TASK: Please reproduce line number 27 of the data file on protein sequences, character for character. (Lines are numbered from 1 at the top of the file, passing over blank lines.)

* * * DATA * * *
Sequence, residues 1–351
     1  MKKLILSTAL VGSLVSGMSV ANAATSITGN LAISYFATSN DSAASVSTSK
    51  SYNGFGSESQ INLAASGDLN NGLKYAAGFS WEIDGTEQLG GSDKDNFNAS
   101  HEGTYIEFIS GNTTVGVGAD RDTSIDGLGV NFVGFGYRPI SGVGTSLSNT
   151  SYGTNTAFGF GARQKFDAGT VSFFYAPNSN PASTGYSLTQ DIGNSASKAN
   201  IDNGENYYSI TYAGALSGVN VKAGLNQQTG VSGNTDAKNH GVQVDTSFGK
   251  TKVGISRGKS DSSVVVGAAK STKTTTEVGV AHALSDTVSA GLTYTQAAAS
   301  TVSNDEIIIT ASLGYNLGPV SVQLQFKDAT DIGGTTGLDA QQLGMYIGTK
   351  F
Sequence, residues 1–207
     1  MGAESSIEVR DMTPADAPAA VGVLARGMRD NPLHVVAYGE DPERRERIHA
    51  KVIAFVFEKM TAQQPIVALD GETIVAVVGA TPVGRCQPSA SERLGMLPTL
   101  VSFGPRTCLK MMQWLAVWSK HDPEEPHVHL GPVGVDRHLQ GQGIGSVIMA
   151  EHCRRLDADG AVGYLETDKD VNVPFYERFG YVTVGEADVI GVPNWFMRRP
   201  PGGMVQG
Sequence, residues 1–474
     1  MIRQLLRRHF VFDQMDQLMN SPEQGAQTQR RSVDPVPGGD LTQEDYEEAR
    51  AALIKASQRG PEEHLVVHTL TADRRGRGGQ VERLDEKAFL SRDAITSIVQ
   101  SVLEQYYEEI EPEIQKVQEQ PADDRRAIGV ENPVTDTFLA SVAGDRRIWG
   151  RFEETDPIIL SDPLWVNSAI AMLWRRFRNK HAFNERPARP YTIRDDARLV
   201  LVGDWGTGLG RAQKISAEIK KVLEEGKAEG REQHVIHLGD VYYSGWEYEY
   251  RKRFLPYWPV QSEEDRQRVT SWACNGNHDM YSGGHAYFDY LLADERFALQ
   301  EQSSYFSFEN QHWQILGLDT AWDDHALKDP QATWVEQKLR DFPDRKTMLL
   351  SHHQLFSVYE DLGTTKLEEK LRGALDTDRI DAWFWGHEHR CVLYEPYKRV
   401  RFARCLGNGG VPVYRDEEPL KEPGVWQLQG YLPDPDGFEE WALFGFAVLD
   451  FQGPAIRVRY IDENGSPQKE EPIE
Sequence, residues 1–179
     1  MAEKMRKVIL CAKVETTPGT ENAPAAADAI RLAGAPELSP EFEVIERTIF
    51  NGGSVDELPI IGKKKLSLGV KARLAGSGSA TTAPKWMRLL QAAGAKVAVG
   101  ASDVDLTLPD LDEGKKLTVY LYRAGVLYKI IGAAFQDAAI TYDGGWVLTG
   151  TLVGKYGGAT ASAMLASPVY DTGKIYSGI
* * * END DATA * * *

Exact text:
Sequence, residues 1–179